Ukrainian bass Alexander Tsymbalyuk deserves praise for his performance in the relatively minor role of Ferrando. He is the fine officer who carries out orders and Tsymbalyuk sang with commendable sonority.

Patrick Bannwart designed the set and video projection with the intent of emphasizing the internecine conflict of the opposing parties, with considerable war machines in use. The soldiers may sing of fighting with swords for glory and plunder but the images we see on stage suggest something far more brutal. A captured soldier is senselessly brutalized and a noose is put around his neck and strung on the muzzle of a tank. This is no glorious war.

Il Trovatore is a highly approachable opera despite its somewhat turgid plot. It has some great melodies and between love duets and martial music it makes for opera the way most people imagine it to be. Bösch gives us a far more nuanced production and puts his imprimatur on the opera. That is what directors must do.

The Orchestra of the Royal House Opera and Royal Opera Chorus were conducted by Richard Farnes in an exceptional night at the opera.

Il Trovatore by Giuseppe Verdi, directed by David Bösch was performed at the Royal Opera House, Covent Garden six times between January 16 and February 9, 2017.

Wednesday, February 8, 2017


By James Karas

The English National Opera has revived Jonathan Miller’s production of Rigoletto at the London Coliseum. This production premiered in 1982 and that may rate as Methuselahian longevity in operatic production history but Franco Zeffirelli’s La Boheme (1981) may claim priority. An attempt to replace it was quickly shelved.

Miller imagined Rigoletto as taking place in New York’s Little Italy during the 1950’s where the show was run by the Mafia. The Duke of Mantua becomes a Mafia don and everyone is having a grand time is a classy bar where Rigoletto is the caustic bartender. He lives in a tenement with his daughter across the street from Ceprano (Andri Bjorn Robertsson), the man whose beautiful wife (Joanne Appleby) the Don fancies and whom Rigoletto ridicules.
Nicholas Pallesen and Sydney Mancasola in Rigoletto from ENO
Placing the opera in a Mafioso setting was an inspired idea and there have been numerous re-imagining since them. The latest Metropolitan Opera production set the opera in a Las Vegas casino. In Miller’s Little Italy the men are dressed in well-pressed suits, the women wear beautiful gowns and the atmosphere of power and decadence under the control of an absolute boss works well.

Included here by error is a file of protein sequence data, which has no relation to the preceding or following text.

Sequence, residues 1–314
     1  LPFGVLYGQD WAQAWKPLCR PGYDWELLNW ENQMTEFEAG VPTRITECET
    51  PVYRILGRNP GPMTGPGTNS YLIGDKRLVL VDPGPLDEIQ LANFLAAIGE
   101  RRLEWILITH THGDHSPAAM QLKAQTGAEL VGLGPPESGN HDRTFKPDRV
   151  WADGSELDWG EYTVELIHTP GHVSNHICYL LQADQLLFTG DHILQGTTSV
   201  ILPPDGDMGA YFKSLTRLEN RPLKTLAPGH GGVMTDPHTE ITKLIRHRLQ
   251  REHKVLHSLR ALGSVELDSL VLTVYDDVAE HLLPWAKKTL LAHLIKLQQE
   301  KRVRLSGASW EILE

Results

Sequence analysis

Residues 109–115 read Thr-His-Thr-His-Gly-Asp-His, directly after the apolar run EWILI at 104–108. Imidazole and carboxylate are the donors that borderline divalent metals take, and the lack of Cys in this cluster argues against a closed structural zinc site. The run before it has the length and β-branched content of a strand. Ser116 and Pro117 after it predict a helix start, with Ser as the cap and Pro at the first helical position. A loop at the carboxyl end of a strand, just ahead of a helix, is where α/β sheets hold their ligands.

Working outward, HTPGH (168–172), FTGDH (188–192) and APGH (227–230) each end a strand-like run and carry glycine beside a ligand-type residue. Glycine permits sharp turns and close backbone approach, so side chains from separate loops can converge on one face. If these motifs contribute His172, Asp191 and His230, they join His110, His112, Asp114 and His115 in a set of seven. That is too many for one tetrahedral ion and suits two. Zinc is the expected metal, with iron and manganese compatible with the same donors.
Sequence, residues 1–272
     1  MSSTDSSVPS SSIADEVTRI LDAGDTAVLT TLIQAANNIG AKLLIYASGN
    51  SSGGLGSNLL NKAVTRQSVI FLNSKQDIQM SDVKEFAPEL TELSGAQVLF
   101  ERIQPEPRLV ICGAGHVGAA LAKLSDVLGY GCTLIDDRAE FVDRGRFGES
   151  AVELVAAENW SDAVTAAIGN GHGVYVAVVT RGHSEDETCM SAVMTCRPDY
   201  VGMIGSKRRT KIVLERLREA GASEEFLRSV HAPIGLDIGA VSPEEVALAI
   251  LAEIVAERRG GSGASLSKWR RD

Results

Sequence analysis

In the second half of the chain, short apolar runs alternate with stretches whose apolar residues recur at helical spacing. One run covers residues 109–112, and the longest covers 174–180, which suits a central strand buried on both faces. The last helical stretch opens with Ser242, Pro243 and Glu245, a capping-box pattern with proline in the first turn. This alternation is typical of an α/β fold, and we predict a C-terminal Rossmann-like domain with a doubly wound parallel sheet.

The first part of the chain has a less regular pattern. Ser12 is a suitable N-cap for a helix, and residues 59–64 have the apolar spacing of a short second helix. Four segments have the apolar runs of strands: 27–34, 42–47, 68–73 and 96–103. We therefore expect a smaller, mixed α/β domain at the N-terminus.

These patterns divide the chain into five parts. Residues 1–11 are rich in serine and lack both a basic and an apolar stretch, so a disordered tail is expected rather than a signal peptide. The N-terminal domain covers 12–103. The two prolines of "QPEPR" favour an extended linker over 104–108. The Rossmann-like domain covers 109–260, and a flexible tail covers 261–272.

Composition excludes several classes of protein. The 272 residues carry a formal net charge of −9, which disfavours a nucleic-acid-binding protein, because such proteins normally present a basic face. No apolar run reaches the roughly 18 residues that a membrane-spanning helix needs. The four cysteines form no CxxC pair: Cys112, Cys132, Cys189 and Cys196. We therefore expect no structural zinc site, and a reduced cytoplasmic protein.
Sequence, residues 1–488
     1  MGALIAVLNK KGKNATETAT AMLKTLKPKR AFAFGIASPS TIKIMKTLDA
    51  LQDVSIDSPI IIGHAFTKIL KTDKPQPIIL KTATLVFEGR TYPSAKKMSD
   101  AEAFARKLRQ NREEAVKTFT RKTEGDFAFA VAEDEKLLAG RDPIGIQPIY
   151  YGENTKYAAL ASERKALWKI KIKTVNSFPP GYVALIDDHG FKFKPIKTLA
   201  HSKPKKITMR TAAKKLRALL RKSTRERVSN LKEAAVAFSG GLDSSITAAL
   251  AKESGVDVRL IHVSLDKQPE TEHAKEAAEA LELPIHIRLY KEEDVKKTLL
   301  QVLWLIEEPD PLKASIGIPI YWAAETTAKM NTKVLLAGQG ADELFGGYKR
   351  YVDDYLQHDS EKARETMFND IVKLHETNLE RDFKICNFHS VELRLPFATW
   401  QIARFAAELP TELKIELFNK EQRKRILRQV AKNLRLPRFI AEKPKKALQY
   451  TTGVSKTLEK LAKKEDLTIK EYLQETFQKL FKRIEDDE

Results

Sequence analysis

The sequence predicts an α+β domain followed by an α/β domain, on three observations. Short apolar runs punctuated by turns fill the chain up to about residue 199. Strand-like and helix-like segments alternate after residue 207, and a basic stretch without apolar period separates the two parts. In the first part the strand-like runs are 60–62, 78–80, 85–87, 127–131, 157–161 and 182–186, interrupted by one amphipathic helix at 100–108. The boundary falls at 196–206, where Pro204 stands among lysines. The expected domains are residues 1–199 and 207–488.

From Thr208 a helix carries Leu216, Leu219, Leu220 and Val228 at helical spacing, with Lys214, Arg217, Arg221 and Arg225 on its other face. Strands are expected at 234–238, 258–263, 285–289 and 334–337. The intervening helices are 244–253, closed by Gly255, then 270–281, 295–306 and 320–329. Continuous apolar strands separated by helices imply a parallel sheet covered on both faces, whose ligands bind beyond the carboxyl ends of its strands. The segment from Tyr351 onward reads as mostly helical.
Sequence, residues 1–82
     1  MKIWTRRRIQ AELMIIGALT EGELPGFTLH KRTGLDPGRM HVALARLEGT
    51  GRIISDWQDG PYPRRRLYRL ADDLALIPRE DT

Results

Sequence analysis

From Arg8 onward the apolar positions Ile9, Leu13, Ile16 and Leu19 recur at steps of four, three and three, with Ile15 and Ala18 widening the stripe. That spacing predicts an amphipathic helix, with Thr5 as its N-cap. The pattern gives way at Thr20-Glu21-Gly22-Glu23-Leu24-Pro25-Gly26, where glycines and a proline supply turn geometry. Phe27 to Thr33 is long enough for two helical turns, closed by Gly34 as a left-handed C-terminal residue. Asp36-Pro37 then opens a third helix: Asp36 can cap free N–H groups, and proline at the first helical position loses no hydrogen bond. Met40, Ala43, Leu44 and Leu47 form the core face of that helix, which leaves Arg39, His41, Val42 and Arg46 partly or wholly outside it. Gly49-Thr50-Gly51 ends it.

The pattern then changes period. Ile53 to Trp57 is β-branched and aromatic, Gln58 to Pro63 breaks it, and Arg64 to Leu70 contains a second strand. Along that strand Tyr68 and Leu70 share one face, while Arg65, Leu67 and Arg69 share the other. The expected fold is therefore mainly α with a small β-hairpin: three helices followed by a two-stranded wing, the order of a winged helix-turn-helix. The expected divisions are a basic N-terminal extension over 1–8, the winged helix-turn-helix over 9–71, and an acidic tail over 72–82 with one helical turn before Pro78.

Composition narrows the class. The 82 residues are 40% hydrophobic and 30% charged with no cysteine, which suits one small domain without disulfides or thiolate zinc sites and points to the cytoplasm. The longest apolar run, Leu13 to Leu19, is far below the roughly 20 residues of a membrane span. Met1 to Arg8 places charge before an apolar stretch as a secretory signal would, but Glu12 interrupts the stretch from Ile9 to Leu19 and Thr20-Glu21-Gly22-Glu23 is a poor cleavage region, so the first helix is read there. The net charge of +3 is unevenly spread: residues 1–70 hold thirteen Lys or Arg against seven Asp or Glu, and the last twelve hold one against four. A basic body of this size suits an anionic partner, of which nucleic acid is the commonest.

Baritone Nicholas Pallesen is young and impressive as Rigoletto. When he struts around the stage begging the heartless Mafiosi for his daughter he is moving and when he discovers the trick played on him at the end of the opera he is heart-wrenching. A fine vocal and acting performance.

Sydney Mancasola is an up and coming lyric soprano that gives a good accounting of herself as Gilda. She has the same constraints as the others in singing in English but we like her voice and believe that as Gilda she is nice girl but not too swift in her love of the dissolute Mafia boss.

Tenor Joshua Guerrero made his London debut with this production and he displayed the swagger and devil-may-care attitude of the Don with gusto. He is a young singer honing his skills and deserves kudos for his singing especially executing “La donna è mobile” in a “strange” language.

The question of whether opera should be sung in English rather than its language of composition is not discussed as frequently now as it used to be. The arrival of surtitles has made watching non-English opera much easier. Besides even opera sung in English, relies or surtitles to be properly understood.

The production is sung in English with surtitles because without them we will not understand every word that is sung and not know exactly what is happening.
 Joshua Guerrero and Sydney Mancasola
What is the effect of listening to a familiar work in English? It is mixed. The initial issue is that we are simply used to hearing Rigoletto performed in Italian. Many of the arias are very familiar with the result that we know some of the lyrics by heart. But even if we get past familiarity, there are issues.

The fundamental issue is the difference between the structures of Italian and English. We need the musicality of Italian and those open vowels that let the singers belt out those notes and emotions with abandon. When sung in English it frequently sounds like the singer is fighting impediments as if going through mud when he needs a flat meadow. A simple phrase like “io l’amo” with that “a” and “o” gives the singer scope for expression. Try singing “I love him” and you get some mileage from the “o” and feel you have tripped over something when you try to get anything out of “him.” Try singing “mia figlia” and then “my daughter” and you get a further idea of the difficulty.

Nevertheless the singers in this production soldiered on and we followed them despite the obvious difficulties.

The ENO Orchestra was conducted by Sir Richard Armstrong. Patrick Robertson and Rosemary Vercoe were the designers.

If the production has not aged, Jonathan Miller gives a good impression of being past middle age. The 82-year old, leaning on a cane, came on stage with Elaine-Tyler-Hall, the Revival Director, for a bow and was greeted with a thunderous ovation. Well deserved.    
Rigoletto by Giuseppe Verdi, directed by Jonathan Miller, opened on February 2 and will be performed nine times in repertory on various dates until February 28, 2017 at the London Coliseum, St. Martin’s Lane, London.

Tuesday, February 7, 2017


By James Karas